Living your values when times are difficult is crucial not just to organizational success, but also to creating a sustainable culture that can weather the toughest of moments. Right now is one of those moments, where great companies reveal what makes them exceptional.
As we navigate uncertain times, I thought back to a recent conversation our team had with Jeff Winter, the CMO of Rocket Software. Rocket Software has four core values: empathy, humanity, trust and love. But what does it mean to manage with those values? And how do you maintain a culture of love and accountability? Jeff had great insights on what he’s learned from Rocket’s values, and how it’s influenced his approach to leadership. I think those values and his insight are especially relevant right now.
When you first heard about Rocket’s values, what were your thoughts?
I first heard about this when I was interviewing for the job. To say the least, I was surprised. Those aren’t words you usually hear from a Bain Capital-backed, hard-driving competitive software company in tough-minded Boston. But the more I got to know Andy Youniss, our president and CEO, and the further I got in the recruiting process, the more I started to believe. And in the five months that I’ve been at Rocket, I see these four values in practice every day.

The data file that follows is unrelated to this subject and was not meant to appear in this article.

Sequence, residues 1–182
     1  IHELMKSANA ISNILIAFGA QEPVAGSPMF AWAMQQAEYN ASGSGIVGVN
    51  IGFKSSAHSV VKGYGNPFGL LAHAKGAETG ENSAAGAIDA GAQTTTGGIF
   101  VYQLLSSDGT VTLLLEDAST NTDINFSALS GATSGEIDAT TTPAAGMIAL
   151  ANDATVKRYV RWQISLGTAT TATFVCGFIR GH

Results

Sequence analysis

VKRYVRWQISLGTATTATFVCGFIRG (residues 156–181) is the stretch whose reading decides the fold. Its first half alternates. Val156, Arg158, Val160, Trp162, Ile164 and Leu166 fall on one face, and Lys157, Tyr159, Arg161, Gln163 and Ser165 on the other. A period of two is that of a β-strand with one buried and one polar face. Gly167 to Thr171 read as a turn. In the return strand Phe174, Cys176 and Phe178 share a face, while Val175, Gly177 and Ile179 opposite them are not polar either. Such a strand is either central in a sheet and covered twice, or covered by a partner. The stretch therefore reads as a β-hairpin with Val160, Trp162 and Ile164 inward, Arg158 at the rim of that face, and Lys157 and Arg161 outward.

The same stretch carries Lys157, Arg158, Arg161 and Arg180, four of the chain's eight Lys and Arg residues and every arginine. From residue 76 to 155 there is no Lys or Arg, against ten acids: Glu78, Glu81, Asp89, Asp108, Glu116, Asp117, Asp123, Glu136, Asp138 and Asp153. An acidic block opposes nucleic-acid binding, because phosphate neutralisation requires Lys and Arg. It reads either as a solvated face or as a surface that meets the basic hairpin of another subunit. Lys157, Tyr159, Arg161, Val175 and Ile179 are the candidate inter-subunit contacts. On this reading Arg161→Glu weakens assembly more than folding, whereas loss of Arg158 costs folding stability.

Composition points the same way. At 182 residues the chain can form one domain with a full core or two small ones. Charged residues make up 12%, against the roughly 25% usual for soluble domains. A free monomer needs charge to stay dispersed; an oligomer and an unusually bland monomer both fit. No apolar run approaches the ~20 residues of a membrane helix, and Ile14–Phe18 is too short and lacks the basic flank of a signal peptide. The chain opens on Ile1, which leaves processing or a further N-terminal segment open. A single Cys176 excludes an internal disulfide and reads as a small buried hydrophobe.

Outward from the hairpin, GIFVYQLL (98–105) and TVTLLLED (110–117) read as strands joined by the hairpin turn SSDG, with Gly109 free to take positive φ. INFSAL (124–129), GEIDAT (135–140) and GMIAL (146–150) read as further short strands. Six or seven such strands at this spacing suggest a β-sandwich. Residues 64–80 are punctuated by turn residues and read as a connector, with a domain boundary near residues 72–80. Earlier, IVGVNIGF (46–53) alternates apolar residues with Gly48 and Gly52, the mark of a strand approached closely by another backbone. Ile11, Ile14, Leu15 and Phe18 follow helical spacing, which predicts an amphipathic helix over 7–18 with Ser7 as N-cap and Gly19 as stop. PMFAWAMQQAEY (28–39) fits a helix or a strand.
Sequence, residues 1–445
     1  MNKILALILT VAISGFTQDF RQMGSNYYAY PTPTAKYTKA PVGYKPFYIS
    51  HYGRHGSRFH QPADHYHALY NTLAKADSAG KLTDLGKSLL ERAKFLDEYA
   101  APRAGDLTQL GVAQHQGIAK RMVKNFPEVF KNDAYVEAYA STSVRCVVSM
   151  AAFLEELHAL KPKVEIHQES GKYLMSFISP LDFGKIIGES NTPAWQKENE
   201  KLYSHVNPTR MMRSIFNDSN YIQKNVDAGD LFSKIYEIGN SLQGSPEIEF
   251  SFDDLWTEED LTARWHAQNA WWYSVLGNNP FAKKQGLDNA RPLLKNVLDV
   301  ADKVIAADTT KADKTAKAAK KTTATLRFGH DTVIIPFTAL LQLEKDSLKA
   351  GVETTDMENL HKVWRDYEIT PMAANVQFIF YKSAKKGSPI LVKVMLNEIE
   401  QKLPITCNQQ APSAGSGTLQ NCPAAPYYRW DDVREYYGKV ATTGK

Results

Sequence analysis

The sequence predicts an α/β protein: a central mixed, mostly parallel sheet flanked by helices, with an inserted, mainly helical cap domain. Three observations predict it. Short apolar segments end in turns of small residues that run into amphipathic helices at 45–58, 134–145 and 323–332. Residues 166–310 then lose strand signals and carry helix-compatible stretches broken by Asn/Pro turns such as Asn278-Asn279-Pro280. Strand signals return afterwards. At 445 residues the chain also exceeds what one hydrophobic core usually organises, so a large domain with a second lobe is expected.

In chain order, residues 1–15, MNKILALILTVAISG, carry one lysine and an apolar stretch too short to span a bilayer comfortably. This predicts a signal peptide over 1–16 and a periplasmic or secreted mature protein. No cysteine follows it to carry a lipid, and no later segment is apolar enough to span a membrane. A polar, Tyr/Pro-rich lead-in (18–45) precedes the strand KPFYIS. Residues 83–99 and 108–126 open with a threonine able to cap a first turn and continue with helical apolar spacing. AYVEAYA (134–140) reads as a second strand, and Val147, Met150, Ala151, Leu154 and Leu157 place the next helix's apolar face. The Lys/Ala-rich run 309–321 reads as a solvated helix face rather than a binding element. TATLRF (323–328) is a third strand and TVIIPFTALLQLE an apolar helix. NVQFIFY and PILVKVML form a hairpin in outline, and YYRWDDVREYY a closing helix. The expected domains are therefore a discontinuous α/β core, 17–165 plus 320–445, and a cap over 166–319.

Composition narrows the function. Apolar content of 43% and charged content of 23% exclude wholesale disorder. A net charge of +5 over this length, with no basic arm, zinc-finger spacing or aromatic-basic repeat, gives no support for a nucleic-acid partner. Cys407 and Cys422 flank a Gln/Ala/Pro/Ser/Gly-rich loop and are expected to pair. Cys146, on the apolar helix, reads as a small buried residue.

What about when you joined the company?
Once I joined, I noticed these topics come up regularly during executive leadership team meetings. When we were contemplating last year whether (and how) to raise prices for some of our offerings, we debated and discussed how it might impact them; how do we do it; when; and, to the core of our values, were we actually delivering value to justify the price increase?